Logo
BodyBGTop
Preview 2003--What's in Store for CRM? (PART 2)
CRM magazine interviewed more than 30 industry leaders and surveyed about 100 readers to uncover what they expect to and predict will happen in the industry in the coming year.
For the rest of the January 2003 issue of CRM magazine please click here
Page 1



CRM Stands for Value
What will be the biggest trend in the CRM industry in 2003? Customers demanding not just ROI, but true value from the CRM investments.

"2003 is about value and ROI: How do I get value out of these solutions? How do I differentiate myself using these solutions? This is what CRM is supposed to do--create value and help treat different customers differently." --John Grozier, vice president, CRM product marketing, SAP AG

"The trend in CRM in 2003 is driving true value out of CRM implementations as measured by customer revenue, profitability, and turnover. Purchasers and users of CRM are going to go to greater-than-normal lengths to justify the purchase of CRM."
--Roger Siboni, president and CEO, E.piphany

"The biggest trend is enabling CRM processes and technology to improve the cost structure of companies, as well as enhance the customer experience. There will be more of an emphasis on cost savings: How do I use CRM in a much more cost-effective manner?
--Adam Klaber, global CRM leader, IBM Business Consulting Services

"Getting value out of your CRM initiative. This is not rocket science. Today people are reluctant to invest in CRM without knowing how it will pay off." --Mark Whitemore, CRM practice leader for Canada, East Americas, Braxton

"Companies are going to go away from hype and brand, and go toward pragmatic, operational, proven, successful CRM. There will be far more reference checking, far more technical due diligence on what really exists in the products, and they're going to hold their vendors more accountable. I don't think the whiz-bang is going to happen; it's going to be around delivery, success, and integrity." --Brent Frei, CEO, Onyx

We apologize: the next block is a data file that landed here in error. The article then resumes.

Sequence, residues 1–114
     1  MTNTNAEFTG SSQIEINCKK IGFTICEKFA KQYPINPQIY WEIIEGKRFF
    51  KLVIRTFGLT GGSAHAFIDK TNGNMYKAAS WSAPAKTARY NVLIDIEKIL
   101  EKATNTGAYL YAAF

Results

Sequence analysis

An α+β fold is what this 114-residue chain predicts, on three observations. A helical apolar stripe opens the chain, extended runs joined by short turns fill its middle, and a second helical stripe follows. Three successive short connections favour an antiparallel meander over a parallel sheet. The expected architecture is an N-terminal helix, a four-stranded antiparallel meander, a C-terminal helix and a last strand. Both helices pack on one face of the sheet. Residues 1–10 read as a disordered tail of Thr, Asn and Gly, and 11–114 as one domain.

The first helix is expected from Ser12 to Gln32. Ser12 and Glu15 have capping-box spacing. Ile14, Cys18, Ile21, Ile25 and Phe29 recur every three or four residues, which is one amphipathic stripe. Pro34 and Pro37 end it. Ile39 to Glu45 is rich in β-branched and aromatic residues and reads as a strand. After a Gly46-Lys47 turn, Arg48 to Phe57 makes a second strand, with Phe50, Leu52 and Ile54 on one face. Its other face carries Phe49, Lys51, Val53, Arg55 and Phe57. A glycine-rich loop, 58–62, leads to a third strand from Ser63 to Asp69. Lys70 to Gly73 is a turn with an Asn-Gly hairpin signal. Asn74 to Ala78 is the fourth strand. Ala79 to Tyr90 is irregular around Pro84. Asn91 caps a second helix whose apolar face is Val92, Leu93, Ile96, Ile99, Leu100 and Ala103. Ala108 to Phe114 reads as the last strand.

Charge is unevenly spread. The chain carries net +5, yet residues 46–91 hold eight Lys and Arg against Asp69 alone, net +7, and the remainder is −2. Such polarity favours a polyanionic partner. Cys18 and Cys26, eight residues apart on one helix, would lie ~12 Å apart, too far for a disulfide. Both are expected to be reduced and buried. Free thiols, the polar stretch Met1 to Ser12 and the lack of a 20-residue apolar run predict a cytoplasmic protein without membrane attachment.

The realization that cost cutting and increasing revenues are not mutually exclusive. Companies have been almost solely focused recently on quick ROI or on cost cutting; soon the [focus] will be balancing those for the long term."
--Rob Saultz, director of strategy and business development, CRM solutions, IBM

"Companies will no longer purchase enterprise-scale licenses until they have proved the success of CRM initiatives with pilot programs. They will expect their software provider to be their partner in solving the problem, not just providing software." --Richard Brock, president and CEO, Firstwave

The King Is Dead; Long Live the King

Will Siebel still reign supreme in 2003? CEO Tom Siebel, of course, is certain it will. His competitors, however, see change coming. What do they see as the biggest trend for 2003?

"The enterprise vendors will continue to take market share from Siebel."
--Joe Davis, vice president and general manager, PeopleSoft CRM

"The dispersing of power among CRM application vendors; the power will shift away from Siebel toward a broader set of competitors. The market is rejecting the value proposition of Siebel, which is expensive and difficult to customize and deploy." --Bo Manning, president and CEO, Pivotal

The Battle of the Platforms
Unlike the war between Beta and VHS, the CRM industry is unlikely to see a clear winner in the battle for Web-services dominance. Myriad companies are embracing .Net, while others standardize on J2EE; some vendors support both platforms. So instead of .Net versus J2EE, it seems the real question will be: Web services or not?

"2003 will be the real start of Web services incorporated into CRM. It will change the number of possibilities for CRM."
--David Thacher, general manager of CRM, Microsoft Business Solutions, Microsoft

"Web services are going to become a valid alternative for Fortune 500 and Global 1,000 companies, because they're looking for low total cost of ownership, fast deployment, and ease-of-use."
--Keith Raffel, chairman and founder, UpShot

"The industry must gain significant traction in solving the integration challenge. Proprietary integration architectures are being replaced with open integration or Web-services architectures."
--Tom Siebel, chairman and CEO, Siebel Systems Inc.

Top Priority: Integration